■ Duties and responsibilities:

Expectations of physicians in practice

Leadership essentials: Creating a culture of accountability

7 minutes

Published: September 2018

The information in this article was correct at the time of publishing

Just culture and civil liability

This article supports physician leaders in creating a positive workplace culture in which patient safety incidents are reported and disclosed, and where organizations promote learning from past events to improve care. It suggests an approach to manage behaviour that enables delivery of safe medical care. The suggested approach does not, however, assume the determination of civil liability in which a defined set of legal principles is applied.

A patient undergoing a carotid angiogram is injected with isopropyl alcohol instead of contrast medium. She suffers a massive stroke and dies.

Consider three different possibilities that could have led to the same event:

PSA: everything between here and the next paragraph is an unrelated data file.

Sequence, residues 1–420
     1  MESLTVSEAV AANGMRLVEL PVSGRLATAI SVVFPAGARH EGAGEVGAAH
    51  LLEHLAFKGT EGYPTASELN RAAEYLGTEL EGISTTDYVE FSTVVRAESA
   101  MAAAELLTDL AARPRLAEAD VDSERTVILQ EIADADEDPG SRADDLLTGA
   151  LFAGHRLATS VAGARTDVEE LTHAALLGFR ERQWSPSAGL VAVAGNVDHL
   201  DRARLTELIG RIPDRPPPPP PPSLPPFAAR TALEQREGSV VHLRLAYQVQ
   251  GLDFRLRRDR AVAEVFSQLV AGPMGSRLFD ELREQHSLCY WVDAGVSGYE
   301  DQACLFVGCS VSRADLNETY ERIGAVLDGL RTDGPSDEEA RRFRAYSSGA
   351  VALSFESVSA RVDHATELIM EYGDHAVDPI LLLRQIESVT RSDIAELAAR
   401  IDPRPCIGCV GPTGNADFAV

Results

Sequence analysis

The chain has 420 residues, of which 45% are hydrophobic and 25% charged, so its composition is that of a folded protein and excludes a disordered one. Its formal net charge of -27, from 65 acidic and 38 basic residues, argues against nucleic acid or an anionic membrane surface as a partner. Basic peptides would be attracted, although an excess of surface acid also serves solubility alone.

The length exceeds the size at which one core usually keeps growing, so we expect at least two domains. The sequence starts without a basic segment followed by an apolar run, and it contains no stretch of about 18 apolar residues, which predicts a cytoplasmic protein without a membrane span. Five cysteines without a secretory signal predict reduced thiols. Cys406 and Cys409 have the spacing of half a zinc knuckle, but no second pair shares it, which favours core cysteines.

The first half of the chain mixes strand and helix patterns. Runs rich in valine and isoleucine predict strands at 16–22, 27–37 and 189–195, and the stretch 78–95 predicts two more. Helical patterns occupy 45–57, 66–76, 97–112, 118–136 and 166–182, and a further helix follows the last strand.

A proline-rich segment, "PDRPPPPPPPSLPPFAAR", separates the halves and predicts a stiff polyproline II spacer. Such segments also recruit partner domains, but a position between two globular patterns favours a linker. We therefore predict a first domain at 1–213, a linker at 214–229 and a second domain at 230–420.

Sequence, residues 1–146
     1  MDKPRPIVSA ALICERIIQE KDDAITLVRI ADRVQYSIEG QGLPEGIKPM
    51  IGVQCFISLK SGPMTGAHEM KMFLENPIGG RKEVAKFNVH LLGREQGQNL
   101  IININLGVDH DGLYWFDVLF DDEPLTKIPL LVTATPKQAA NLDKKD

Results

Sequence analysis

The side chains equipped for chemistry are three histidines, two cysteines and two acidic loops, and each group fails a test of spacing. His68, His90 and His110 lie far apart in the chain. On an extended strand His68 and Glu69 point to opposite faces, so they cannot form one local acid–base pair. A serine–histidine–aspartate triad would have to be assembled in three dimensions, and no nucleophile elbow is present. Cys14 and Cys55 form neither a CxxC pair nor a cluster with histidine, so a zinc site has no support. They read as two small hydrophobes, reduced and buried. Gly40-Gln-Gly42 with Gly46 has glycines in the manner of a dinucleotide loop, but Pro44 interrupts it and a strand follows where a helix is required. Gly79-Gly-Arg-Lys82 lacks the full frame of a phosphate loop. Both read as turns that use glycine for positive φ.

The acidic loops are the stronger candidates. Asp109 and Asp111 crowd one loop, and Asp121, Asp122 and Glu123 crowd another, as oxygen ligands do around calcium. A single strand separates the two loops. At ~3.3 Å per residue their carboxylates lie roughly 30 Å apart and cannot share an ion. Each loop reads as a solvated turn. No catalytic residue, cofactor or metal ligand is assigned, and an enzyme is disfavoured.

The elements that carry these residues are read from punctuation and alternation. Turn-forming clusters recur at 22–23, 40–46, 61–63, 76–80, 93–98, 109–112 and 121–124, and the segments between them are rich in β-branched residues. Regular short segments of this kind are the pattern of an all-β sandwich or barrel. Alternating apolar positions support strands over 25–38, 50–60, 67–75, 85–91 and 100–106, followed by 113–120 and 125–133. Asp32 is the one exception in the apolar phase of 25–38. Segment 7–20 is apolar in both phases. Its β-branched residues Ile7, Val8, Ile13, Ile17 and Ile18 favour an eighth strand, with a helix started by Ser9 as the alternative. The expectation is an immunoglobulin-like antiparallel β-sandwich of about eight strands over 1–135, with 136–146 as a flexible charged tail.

• Scenario 1: The radiology technologist pours the wrong solution into the sterile steel container on the procedure tray because the isopropryl alcohol and contrast bottles look similar and are kept side by side on the storage shelf.
  • Scenario 2: Although the procedure calls for it, the radiologist and technologist do not take the time to confirm that the correct solution is being used, because this is the third case of the day and the others went well.
  • Scenario 3: Despite the technologist’s reminder to complete a pre-procedure checklist, the radiologist, who is rushed, refuses to verify with the technologist that she is using the correct solution.